3. I have a Food Saver and totally love it. For softer things like berries, fruit, pancakes & waffles, I freeze first by placing on a cookie sheet in the freezer. Once frozen, I place two in a package and remove the air and seal with the Food Saver. They seem to store almost forever. I thaw in the toaster. I’m single but cook for four and store the leftovers. I swear by my Food Saver.

  4. I opt for ease and once my sourdough waffles have cooled I throw them into a large freezer bag (there is almost always one on the go) and then simply pull the needed number out and toast in the toaster for re-heating. The outcome might be slightly better if I sealed them better but I eat them often enough that I have never felt I needed to do more:-) A crispy toasted waffle beats a bowl of cereal hands down every single time in my books!

  5. I’ve never been a fan of frozen waffles, and I don’t think I’ve even tried frozen pancakes. What intrigues me is the trick of putting them back in the iron to reheat them. I may become a frozen waffle convert! I would like to be able to put the waffle iron on the table and have hot waffles hit the plate instantly. I never liked running back and forth to cook, and eat, and cook, and eat (no table in kitchen, too messy to cook in dining room). For what it’s worth, I do like to dip my waffle in syrup just before eating. I find if I pour the syrup all over them, the flavor gets lost. I tend to use way too much syrup that way. I wonder if there is an alternative to syrup that would be foamy/fluffy and not soak into the waffle, so the flavor hits your tongue first. Thanks for the tips.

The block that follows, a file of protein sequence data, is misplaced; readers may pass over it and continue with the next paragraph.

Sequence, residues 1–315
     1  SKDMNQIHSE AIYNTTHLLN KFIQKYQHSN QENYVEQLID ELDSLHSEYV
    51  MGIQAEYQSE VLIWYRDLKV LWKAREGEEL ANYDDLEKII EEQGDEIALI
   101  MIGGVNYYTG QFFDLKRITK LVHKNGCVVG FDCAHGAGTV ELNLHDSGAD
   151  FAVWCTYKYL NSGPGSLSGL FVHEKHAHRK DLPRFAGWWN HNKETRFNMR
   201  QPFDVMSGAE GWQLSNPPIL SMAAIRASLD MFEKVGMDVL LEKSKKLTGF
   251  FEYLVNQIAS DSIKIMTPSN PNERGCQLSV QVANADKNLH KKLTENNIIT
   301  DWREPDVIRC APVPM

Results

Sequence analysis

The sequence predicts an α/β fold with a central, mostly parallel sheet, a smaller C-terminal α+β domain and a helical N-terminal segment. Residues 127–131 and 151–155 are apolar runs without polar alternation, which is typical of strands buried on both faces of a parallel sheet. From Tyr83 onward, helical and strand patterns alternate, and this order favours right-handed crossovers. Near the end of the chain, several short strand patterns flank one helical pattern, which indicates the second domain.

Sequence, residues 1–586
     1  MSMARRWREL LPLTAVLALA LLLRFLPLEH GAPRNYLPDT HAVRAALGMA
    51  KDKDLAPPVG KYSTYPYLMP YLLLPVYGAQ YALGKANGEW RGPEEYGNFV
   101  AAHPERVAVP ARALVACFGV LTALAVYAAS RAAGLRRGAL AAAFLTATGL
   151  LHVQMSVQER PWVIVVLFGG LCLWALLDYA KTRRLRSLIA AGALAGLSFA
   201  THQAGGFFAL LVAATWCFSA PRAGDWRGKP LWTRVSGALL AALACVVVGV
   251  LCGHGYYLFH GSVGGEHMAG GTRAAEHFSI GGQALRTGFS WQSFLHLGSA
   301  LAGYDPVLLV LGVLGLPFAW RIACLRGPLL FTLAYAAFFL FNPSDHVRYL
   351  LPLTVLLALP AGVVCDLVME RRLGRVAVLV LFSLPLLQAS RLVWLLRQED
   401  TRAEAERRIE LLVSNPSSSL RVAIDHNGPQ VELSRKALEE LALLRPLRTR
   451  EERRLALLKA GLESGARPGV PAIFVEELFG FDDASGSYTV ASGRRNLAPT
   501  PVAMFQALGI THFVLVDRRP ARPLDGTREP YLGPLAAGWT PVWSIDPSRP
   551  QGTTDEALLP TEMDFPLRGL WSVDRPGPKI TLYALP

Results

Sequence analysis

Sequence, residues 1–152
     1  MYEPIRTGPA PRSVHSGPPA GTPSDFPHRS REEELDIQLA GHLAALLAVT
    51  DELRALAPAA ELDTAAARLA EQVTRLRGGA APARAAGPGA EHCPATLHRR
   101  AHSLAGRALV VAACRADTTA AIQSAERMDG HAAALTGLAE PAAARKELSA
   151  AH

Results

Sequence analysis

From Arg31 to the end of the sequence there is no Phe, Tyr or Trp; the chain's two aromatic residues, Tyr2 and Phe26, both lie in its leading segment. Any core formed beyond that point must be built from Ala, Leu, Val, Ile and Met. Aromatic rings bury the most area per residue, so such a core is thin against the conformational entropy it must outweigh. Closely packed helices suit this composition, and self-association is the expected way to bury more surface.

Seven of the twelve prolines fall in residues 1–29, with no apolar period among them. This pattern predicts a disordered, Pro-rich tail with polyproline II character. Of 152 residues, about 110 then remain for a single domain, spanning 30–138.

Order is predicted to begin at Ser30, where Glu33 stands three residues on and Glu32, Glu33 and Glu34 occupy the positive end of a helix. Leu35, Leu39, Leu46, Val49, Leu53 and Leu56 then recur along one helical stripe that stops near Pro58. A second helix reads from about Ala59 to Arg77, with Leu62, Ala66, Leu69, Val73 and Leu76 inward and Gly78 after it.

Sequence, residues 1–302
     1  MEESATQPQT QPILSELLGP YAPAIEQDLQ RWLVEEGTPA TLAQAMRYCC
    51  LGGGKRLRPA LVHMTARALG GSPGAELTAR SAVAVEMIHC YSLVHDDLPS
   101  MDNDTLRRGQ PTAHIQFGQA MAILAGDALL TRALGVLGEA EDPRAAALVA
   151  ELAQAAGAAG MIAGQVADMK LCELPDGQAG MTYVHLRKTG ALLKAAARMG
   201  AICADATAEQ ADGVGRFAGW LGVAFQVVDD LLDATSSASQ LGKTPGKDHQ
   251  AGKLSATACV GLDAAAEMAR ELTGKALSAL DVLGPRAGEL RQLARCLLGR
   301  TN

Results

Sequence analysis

6. I, too, love the idea of reheating in the waffle iron. Smart! Nick, do you have a sourdough starter? Because sourdough waffles are my absolute favorite kind. King Arthur Flour has a great recipe.

    My tip to pass on: my family had always melted the butter for topping waffles. So much better coverage that way. :)